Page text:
CHAMBERSBURG, Pa. (WHTM) – Voters in Pennsylvania’s 9th congressional district have a very unusual decision to make when they step into the booth on Tuesday.
The options before them will be longtime incumbent Republican Bill Shuster or Democrat Art Halvorson, who is really a Tea Party conservative.
We were, too, so we went looking for answers in Franklin County, one of the largest counties in the district.
Halvorson was quite comfortable sipping coffee on the square in Chambersburg. It’s others who are feeling uncomfortable about his candidacy.
“The level of misconduct in Washington is criminal, in my view,” Halvorson said.
For 44 years, Franklin County’s been represented in Congress by Shusters; first Bud and now his son Bill. Halvorson wants to end that dynasty.
Halvorson calls himself the true Christian conservative in the race. He’s pro-gun and anti-abortion, and curiously he will appear on the ballot as a Democrat.
“I have called the Democratic party the godless party,” Halvorson said quite seriously. “If you look at their platform and how they booed God in their own conventions.”
Halvorson insists that if elected, he would caucus with the Republicans.
“I’m not a Democrat,” Halvorson said forcefully. “I’m never Hillary.”
He’s also not the official GOP candidate. Shuster beat him in the primary by one percent, 50.5-49.5. Halvorson, however, got a thousand Democrats to write his name in, securing his position on the Nov. 8 ballot.
It is causing consternation among Republicans in the 9th.
“I think the days of party loyalty are over,” said Greg Scandlen, a former party loyalist.
Scandlen was a Franklin County GOP Committee member who had to resign his party position because he went to work for Halvorson, who is not the party’s nominee.
“A lot of committee members are voting for Art, even if they’re not actively or publicly campaigning for him,” Scandlen said.
Shuster said he’s campaigning hard and takes every challenger seriously but calls Halvorson divisive.
“He’s splitting the party up for his own self-interests,” Shuster said. “He doesn’t care about the party. We’re trying to bring the party together. Donald Trump’s endorsed me. I’ve endorsed Donald Trump.”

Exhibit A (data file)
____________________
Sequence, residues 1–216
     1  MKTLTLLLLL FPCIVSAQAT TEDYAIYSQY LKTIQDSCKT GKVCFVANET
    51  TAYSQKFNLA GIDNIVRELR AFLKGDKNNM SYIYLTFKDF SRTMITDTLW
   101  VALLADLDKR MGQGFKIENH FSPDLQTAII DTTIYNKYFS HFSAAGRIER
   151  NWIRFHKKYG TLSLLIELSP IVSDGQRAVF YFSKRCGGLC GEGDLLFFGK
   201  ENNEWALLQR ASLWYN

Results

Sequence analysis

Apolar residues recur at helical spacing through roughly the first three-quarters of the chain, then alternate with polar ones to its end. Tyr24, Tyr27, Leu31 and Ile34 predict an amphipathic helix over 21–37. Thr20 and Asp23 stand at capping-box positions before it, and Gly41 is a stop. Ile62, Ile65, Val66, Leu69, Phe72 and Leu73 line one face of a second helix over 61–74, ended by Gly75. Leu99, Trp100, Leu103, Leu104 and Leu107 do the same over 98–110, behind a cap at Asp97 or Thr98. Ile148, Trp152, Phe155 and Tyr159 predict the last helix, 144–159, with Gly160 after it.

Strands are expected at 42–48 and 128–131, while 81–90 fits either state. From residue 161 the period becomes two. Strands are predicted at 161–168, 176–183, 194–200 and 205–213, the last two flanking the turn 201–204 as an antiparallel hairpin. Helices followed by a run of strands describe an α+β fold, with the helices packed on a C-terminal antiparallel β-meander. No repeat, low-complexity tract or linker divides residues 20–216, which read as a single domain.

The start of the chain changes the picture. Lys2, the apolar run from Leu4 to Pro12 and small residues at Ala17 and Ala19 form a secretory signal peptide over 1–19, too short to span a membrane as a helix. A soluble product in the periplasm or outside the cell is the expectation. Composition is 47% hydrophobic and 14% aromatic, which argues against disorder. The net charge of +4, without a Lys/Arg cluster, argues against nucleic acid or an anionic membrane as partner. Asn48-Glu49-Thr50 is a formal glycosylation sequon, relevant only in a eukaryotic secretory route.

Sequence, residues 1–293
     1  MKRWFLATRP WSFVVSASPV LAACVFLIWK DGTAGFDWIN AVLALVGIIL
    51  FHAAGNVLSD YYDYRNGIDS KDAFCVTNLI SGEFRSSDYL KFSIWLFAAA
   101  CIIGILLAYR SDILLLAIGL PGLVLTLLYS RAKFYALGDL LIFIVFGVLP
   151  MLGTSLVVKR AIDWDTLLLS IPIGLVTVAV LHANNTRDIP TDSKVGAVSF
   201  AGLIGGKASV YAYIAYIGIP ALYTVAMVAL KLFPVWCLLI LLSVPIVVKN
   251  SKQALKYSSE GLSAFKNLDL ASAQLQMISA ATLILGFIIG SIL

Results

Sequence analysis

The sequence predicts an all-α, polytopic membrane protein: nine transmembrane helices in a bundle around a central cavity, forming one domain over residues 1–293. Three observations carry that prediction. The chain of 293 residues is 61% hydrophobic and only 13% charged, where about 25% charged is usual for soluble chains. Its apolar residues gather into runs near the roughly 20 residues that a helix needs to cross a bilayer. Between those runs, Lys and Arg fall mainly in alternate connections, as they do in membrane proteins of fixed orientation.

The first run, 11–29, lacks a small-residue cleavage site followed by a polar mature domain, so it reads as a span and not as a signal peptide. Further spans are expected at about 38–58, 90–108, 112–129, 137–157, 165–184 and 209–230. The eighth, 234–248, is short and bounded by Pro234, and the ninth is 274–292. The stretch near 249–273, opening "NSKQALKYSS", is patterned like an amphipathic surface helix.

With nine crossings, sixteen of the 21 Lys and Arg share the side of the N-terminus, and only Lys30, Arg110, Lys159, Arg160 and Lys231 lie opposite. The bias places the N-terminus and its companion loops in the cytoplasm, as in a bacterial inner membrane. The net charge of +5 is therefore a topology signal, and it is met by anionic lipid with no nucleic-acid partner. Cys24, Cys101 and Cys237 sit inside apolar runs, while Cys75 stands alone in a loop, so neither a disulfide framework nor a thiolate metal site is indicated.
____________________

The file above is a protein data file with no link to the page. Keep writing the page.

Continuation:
Shuster repeatedly dismissed Halvorson as unqualified at a recent debate, saying Halvorson didn’t have a clue or was confused about important issues.
But Halvorson is not confused about his strategy. He has painted himself as the Trump-like outsider trying to clean up Washington. He’s also not so confused that he missed the Shuster scandal that unfolded last year. The chairman of the Transportation Committee was romantically linked to an airline lobbyist in an expose by Politico.
“He’s literally sleeping with a lobbyist,” Halvorson said with disdain. “It used to be a euphemism. Now, it’s real. It’s an affront to the American public.”
So, the question come Tuesday is this: will rock-ribbed Republicans support a candidate listed as a Democrat who already lost a primary fair and square?
Franklin County state Senator Rich Alloway says no way.
“There’s been a handful of people who’ve walked away from the party. That’s fine. That’s their right,” Alloway said. “But to say there’s some mass exodus going for Art Halvorson, that’s not gonna happen. Bill Shuster is a good person. He’s done good work for us and I continue to support him.”
Shuster says he’s the chairman of a powerful committee which is beneficial to the people of his district. He rejects the notion of a Republican civil war.
“The people that have left the party are people that actually work for him (Halvorson) or are longtime supporters. Overwhelmingly, the party is supportive of me,” he said.
Candidates are free to say whatever they want. It’s the voters that will actually decide the argument come Tuesday.
“He’s not popular,” Halvorson said of Shuster. “People want him out and we got a second bite at the apple this time. I’m confident we’re gonna win.”
The Democrats in the district are not supporting Halvorson. They are encouraging the write-in candidacy of Adam Sedlock, who did not declare soon enough to get on the ballot as the Democratic candidate.